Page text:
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Alternative Fuels For Alternative Fuel Vehicle (AFV)

Alternative Fuels For Alternative Fuel Vehicle (AFV)

An Alternative Fuel Vehicle (AFV) is a vehicle that can operate on fuels other than gasoline or diesel. Alternative fuels include biologically produced diesel (biodiesel), electricity, ethanol, hydrogen, methanol, natural gas, and propane. AFVs range in function and size from small passenger cars to large transit buses and 18-wheeler trucks. In the light-duty or passenger car AFV category, natural gas, ethanol, or propane fueled models are currently available. In the broad transportation arena AFVs using biodiesel, ethanol, methanol, natural gas, or propane are currently available.

For more information on alternative fuels, visit the U.S. Department of Energy's Alternative Fuels Data Center

Fuel types:

Biodiesel:

Biodiesel is a diesel replacement fuel made from new and used vegetable oils or animal fats that have been chemically reacted with an alcohol. Using either blended or pure biodiesel in a diesel (compression ignition) engine will reduce emission of unburned hydrocarbons, carbon monoxide, sulfates, and particulate matter. Emissions of nitrogen oxides can increase with the use of biodiesel in a conventional diesel engine. Biodiesel blended with conventional petroleum derived diesel at concentrations up to 20 percent (B20) is currently used in some diesel engines. Only pure biodiesel (100 percent) is designated as an alternative fuel.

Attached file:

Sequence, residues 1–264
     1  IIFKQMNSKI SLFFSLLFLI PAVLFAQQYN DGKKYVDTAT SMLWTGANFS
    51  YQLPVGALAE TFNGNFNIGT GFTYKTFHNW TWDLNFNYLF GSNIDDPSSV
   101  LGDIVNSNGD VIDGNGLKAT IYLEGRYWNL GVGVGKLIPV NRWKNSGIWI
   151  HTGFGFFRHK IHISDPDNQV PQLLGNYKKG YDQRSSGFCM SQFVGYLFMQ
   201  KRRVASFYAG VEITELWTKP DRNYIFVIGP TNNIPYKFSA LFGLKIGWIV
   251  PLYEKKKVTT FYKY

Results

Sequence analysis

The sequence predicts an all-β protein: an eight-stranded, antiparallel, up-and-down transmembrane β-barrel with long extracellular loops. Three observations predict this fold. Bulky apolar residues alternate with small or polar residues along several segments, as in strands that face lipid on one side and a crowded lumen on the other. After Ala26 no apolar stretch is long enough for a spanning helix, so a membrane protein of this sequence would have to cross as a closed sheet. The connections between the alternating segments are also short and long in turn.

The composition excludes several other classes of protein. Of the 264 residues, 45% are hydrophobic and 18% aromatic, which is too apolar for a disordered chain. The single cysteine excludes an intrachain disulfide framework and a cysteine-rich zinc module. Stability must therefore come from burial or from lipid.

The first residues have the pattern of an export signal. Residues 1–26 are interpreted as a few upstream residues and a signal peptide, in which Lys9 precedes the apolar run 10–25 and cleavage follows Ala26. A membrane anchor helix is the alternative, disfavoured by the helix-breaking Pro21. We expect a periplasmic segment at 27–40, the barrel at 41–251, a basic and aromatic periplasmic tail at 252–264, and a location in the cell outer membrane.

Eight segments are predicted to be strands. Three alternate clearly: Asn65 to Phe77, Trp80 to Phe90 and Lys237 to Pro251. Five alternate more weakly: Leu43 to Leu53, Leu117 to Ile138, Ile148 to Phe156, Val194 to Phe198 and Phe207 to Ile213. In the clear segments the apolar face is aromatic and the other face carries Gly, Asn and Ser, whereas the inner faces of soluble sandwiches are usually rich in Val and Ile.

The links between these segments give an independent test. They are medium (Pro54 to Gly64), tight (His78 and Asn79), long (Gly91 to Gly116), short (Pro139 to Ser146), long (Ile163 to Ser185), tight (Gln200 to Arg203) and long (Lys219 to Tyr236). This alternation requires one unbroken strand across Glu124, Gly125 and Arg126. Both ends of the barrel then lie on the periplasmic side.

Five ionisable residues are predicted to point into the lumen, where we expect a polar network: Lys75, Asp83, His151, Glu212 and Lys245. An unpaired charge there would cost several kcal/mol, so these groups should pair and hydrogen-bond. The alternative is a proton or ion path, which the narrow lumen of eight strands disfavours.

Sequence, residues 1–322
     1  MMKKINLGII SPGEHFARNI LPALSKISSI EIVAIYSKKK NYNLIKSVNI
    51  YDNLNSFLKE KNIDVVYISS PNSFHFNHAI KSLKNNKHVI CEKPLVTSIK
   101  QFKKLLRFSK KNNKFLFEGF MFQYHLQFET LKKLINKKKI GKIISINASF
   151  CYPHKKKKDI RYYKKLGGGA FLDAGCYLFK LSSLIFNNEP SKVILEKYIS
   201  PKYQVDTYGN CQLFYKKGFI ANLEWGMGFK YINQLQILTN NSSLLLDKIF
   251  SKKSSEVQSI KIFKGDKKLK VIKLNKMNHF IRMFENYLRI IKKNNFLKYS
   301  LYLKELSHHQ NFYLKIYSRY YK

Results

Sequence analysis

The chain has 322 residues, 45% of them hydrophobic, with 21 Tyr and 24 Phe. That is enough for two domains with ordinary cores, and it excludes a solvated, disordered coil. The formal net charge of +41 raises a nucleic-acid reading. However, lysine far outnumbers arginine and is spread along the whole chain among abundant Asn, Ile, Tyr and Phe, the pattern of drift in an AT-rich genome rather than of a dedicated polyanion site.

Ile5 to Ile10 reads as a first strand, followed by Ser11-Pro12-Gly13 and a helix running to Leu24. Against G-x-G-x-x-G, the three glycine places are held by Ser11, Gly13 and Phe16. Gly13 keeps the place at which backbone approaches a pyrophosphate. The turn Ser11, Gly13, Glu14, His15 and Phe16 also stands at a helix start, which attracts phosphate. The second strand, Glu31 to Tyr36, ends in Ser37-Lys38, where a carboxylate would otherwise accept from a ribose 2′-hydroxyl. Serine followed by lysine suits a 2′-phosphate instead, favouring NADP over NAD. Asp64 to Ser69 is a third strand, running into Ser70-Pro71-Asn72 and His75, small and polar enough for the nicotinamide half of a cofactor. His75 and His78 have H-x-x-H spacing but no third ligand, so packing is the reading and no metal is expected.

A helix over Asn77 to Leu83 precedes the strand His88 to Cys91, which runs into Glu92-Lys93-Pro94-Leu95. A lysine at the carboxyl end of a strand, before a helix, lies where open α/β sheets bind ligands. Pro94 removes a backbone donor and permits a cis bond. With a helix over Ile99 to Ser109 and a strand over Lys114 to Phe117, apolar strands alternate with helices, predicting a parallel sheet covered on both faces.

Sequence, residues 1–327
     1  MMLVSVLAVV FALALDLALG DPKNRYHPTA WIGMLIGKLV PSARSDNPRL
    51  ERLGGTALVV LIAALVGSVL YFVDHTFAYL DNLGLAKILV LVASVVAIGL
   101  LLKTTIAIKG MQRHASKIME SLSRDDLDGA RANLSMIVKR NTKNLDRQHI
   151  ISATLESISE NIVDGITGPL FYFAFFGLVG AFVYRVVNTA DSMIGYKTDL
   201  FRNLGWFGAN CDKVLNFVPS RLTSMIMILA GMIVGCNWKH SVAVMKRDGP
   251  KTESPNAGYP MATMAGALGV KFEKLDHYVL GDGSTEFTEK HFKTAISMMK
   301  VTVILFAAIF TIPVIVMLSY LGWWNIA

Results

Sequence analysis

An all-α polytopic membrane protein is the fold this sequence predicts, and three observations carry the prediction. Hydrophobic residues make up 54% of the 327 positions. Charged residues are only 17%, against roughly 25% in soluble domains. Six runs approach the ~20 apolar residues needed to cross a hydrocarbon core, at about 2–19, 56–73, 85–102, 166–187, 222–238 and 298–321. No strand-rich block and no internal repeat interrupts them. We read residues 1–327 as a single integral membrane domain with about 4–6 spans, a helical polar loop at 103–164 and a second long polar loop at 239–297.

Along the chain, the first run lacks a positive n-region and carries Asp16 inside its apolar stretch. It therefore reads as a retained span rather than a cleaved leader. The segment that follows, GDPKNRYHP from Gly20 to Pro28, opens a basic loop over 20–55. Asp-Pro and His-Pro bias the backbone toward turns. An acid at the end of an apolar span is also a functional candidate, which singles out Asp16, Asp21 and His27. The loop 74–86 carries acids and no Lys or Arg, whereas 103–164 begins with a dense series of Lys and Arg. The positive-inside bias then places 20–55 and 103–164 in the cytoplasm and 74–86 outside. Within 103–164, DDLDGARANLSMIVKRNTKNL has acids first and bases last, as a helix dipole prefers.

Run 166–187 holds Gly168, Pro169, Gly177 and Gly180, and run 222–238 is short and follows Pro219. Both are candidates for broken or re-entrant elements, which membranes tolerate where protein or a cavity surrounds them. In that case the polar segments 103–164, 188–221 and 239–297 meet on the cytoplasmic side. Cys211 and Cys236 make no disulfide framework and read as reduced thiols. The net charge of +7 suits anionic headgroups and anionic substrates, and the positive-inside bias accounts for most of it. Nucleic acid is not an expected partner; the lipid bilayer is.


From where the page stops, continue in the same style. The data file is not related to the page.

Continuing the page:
Since the feedstock for biodiesel can be domestically produced it reduces the nation's dependence of foreign oil. At this time biodiesel is mainly used by fleet operators such as the U.S. Postal Service, school districts, utility companies, garbage and recycling companies, agricultural vehicles, construction equipment, and marine applications.

Biodiesel in blends of 20 percent of less can be handled with the current fueling infrastructure. There is some limited availability for general public use. However, individual consumers can purchase biodiesel, by the drum, directly from suppliers. Information for finding a biodiesel fueling station is available at the AFDC web site. For additional information on biodiesel visit, the National Biodiesel Board's web site.

Ethanol:

Currently ethanol is the most widely used alternative fuel. Ethanol is an alcohol made primarily from corn through a process similar to brewing beer. Because ethanol is derived from feedstock that is grown, it is considered a renewable fuel. In addition, since the feedstock for ethanol can be domestically produced, it reduces the nation's dependence on foreign oil. Vehicles operating on fuel containing at least 85 percent ethanol have 25 percent less combined carbon monoxide and nitrogen oxide (ozone-forming) emissions than their gasoline fueled counter part.

Ethanol is a widely used oxygenate that is blended with gasoline at a concentration of approximately 10 percent ethanol. However, only ethanol/gasoline blends of at least 85 percent ethanol (E85) are considered alternative fuels. Vehicles capable of operating on ethanol can also operate on gasoline and use a single fueling system.